Exactly, I used my old trusty imapact driver, and with 1 tap with a hammer on each phillips screw, the tow phillips screws loosen right up. Also, to remove the actual rotor from the hub, you simple use a 12mm bolt in one of the other two bolt holes on the rotor and the easily breaks any rust bond within seconds. Everything after that just slips right out and slips right back on.
 

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How come no one has mentioned torque specs and / or the use of a torque wrench.

While I totally agree that this job can be accomplished without using torque specs - I myself wouldn't think of removing my rim (much less any other bolt / nut) without a torque wrench because eventually you will have to tighten everything down. And **** if you bust the head off a bolt during your job because your bolt that required 29lbs ended up getting 50lbs because you don't know your own strenght - you will then have fun buying a drill and tap set (only 5.00 from loes or home depot), getting out your drill and having some fun fun fun!

IN ADDITION

you will (most likely) warp your nice new brembos or OE rotors if your lugs are not torque'd to 80lbs EVENLY. Now, if you can guage what 80lbs on a lug feels like (and do this on every lug) - than you are all that.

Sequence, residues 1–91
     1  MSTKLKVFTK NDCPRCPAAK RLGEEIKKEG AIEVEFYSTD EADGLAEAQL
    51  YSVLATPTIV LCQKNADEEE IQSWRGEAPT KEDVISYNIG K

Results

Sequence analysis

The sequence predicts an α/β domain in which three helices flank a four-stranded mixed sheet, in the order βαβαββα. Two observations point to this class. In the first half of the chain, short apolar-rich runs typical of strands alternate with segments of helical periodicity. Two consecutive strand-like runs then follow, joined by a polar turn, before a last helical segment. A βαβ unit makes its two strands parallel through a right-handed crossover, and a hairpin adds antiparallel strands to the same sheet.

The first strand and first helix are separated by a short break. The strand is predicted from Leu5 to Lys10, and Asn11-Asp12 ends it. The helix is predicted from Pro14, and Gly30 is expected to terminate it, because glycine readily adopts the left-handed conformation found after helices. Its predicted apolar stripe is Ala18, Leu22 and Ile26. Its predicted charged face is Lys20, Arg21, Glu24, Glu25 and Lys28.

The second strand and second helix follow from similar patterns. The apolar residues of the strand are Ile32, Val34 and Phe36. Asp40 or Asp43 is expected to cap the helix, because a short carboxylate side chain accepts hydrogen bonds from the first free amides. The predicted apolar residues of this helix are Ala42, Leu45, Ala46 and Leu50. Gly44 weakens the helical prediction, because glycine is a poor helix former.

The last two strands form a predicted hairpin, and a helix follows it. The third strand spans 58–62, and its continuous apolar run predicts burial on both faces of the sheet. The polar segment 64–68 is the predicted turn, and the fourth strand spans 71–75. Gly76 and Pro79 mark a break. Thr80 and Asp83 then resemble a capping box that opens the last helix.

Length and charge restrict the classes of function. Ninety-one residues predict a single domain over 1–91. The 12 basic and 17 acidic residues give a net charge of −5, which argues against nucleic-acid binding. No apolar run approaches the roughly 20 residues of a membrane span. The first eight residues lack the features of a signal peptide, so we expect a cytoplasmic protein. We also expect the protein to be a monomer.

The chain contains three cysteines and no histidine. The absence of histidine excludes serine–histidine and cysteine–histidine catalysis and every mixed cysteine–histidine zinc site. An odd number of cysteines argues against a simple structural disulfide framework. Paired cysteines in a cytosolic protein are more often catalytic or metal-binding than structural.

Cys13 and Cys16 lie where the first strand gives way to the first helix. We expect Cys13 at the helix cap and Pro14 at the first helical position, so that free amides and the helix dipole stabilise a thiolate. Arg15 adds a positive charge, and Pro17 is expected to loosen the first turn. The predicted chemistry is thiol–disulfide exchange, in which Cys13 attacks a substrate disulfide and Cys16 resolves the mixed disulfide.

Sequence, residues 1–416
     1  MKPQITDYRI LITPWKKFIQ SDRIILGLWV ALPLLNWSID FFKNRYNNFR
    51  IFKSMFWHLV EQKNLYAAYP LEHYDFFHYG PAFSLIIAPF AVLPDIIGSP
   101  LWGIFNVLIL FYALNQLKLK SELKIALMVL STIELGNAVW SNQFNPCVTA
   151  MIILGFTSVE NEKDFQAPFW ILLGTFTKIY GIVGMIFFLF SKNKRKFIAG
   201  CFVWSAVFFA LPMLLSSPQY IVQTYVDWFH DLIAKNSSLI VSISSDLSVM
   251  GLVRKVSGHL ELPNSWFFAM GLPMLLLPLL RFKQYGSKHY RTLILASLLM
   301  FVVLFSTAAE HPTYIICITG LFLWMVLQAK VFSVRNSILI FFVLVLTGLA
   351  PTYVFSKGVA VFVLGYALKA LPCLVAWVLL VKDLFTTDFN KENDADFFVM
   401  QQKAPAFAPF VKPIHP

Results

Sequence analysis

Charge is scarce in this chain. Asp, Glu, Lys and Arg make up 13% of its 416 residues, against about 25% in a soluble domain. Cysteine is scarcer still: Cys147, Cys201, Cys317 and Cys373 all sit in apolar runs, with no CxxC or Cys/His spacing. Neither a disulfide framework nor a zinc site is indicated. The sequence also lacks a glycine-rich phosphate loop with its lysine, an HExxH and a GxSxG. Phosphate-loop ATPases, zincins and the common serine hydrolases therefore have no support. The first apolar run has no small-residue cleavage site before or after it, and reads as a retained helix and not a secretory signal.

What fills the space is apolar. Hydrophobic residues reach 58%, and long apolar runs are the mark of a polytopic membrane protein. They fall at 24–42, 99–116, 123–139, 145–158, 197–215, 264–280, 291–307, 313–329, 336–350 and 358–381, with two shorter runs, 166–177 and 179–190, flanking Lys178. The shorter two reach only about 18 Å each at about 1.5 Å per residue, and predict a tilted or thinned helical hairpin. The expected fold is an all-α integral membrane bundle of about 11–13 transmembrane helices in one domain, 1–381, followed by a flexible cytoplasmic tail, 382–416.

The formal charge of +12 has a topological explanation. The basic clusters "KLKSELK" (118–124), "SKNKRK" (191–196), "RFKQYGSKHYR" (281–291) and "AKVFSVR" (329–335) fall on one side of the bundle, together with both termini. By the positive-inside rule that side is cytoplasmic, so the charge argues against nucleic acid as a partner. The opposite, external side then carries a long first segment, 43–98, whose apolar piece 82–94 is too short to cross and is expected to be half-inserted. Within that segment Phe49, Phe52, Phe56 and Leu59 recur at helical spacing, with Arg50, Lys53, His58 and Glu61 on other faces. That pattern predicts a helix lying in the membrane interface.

KNLNGUS.
 

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cheap

whip.....how much are you trying to spend i got a hookup at a shop if you wana do it cheap...have to come over to VA...but i could save you some $$$$
 

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KNLNGUS said:
How come no one has mentioned torque specs and / or the use of a torque wrench.

While I totally agree that this job can be accomplished without using torque specs - I myself wouldn't think of removing my rim (much less any other bolt / nut) without a torque wrench because eventually you will have to tighten everything down. And **** if you bust the head off a bolt during your job because your bolt that required 29lbs ended up getting 50lbs because you don't know your own strenght - you will then have fun buying a drill and tap set (only 5.00 from loes or home depot), getting out your drill and having some fun fun fun!

IN ADDITION

you will (most likely) warp your nice new brembos or OE rotors if your lugs are not torque'd to 80lbs EVENLY. Now, if you can guage what 80lbs on a lug feels like (and do this on every lug) - than you are all that.

KNLNGUS.
Oh yea, that too. I have the OEM helm service manual will all the torque specs and I torque each bolt that is given a specific torque in the manual :) I think we just forgot to mention it since we were mostly talking about removal.